Undoing Culture: Globalization, Postmodernism and Identity
Sage Publications (CA), Sep 21, 1995 - 192 pages
Written with the clarity and insight that readers have come to expect of Mike Featherstone Undoing Culture is a notable contribution to our understanding of modernism and postmodernism. It explores the formation and deformation of the cultural sphere and the effects on culture of globalization. Against many orthodox postmodernist accounts, the author argues that it is wrong to regard our present state of fragmentation and dislocation as an epochal break. Existing interdependencies and power balances are not so easily broken down.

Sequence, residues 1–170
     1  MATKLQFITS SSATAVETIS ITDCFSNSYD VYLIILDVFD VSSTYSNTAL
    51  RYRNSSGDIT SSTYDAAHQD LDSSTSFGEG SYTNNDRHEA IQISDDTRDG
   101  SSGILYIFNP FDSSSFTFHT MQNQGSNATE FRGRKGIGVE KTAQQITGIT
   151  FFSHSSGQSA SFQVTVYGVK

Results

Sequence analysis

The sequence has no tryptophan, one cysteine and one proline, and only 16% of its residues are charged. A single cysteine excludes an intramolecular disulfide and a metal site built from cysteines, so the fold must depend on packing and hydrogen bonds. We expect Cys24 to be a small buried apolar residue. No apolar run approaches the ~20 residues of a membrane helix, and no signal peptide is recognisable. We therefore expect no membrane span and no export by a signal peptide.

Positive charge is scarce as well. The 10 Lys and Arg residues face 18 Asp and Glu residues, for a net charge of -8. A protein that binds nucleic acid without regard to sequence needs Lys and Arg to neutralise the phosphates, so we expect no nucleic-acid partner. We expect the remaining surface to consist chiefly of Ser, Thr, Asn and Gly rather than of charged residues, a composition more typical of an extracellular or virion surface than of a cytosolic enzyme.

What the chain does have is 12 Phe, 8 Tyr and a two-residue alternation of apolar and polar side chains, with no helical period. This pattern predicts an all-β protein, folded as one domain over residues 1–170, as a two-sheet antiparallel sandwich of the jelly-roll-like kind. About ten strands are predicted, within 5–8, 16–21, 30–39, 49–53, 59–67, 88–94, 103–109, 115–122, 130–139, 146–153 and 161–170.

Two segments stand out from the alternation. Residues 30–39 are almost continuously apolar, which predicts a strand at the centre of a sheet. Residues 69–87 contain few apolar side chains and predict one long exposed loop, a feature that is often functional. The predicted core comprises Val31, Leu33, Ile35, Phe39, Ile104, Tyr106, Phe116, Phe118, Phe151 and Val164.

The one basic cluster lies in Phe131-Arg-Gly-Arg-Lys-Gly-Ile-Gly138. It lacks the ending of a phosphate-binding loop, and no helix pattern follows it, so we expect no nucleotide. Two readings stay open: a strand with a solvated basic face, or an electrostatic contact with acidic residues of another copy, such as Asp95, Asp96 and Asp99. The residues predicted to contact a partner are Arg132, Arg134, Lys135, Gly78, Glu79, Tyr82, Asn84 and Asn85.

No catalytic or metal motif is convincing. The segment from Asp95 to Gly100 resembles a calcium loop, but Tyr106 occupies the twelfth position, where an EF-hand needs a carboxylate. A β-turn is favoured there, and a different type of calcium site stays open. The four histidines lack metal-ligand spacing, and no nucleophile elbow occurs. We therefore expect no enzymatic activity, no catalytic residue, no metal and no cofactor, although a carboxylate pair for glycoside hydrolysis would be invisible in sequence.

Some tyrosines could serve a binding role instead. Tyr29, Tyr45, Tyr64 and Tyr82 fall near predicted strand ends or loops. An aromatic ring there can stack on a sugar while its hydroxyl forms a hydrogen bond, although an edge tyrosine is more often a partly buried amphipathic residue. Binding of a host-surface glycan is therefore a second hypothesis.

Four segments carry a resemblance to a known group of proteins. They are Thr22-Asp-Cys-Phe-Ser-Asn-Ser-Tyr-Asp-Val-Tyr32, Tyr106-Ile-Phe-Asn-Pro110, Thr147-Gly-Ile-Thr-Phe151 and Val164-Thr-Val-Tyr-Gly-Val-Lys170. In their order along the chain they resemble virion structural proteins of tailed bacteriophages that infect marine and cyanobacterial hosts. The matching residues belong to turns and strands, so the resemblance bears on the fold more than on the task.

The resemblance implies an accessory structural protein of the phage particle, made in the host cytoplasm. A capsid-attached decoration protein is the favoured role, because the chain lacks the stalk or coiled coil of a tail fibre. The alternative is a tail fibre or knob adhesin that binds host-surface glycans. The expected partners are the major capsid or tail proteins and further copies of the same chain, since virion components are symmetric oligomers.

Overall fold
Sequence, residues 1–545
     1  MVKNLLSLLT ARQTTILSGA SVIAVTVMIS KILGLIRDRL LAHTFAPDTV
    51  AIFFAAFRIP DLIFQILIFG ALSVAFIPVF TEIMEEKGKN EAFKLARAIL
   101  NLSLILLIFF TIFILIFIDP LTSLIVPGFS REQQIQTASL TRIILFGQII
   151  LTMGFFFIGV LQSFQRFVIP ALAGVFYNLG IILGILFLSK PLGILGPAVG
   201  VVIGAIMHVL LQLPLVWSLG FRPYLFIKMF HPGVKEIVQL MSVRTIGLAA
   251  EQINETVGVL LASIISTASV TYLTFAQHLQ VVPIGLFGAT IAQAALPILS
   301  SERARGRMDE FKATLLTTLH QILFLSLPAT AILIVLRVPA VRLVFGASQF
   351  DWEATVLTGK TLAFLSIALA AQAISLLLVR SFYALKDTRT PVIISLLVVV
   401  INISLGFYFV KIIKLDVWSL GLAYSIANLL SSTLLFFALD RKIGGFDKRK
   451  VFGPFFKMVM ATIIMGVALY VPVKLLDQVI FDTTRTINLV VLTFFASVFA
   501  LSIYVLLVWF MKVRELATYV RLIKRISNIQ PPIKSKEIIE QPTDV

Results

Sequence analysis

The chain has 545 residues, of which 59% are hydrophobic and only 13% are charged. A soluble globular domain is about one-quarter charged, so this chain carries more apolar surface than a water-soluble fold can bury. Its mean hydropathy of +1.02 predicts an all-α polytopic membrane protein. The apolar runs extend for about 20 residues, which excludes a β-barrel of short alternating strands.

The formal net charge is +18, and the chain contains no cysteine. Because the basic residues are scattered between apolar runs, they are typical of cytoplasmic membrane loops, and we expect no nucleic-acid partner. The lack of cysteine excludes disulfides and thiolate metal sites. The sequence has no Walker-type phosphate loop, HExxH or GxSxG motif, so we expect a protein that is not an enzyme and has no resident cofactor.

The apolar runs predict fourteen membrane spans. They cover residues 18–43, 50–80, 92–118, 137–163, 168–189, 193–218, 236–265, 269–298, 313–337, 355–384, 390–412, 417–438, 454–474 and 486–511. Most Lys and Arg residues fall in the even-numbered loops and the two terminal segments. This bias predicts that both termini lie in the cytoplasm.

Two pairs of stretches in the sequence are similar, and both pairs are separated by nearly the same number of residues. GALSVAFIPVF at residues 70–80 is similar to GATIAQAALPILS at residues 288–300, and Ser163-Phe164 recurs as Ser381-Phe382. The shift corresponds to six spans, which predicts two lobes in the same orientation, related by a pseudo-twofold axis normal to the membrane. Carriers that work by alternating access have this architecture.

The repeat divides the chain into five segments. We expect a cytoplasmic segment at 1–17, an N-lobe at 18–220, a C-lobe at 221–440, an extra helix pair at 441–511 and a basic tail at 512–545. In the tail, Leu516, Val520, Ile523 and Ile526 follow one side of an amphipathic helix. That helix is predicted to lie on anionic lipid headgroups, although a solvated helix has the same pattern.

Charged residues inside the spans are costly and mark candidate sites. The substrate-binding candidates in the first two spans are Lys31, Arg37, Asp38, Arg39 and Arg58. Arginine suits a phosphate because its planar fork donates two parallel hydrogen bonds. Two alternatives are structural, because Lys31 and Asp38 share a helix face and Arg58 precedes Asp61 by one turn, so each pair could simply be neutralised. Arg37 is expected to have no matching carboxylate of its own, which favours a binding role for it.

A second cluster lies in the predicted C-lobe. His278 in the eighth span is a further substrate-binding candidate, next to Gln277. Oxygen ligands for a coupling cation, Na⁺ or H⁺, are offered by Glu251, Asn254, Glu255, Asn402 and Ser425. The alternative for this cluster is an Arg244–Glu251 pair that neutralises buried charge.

Nonetheless some important cultural changes "have" occurred since World War II. In particular, the book examines some of the processes which have uncoupled culture from the social; the erosion of the ideal of the heroic life in the face of the onslaught from consumerism and the deformation of culture; and the rise of new forms of identity development. It explains why culture has gained a more significant role in everyday life and also why it has come to preoccupy the Academy in recent years.
Mike Featherstone looks at the effects of the multiplication of cultural goods and images on our ability to read culture and develop fixed meanings and relationships. He highlights the importance of the global in attempting to cope with the objective difficulties of cultural overproduction. The book concludes that the rise of non-Western nation-states with different cultural frames produces different reactions of modernity, making it more appropriate to refer to global modernities.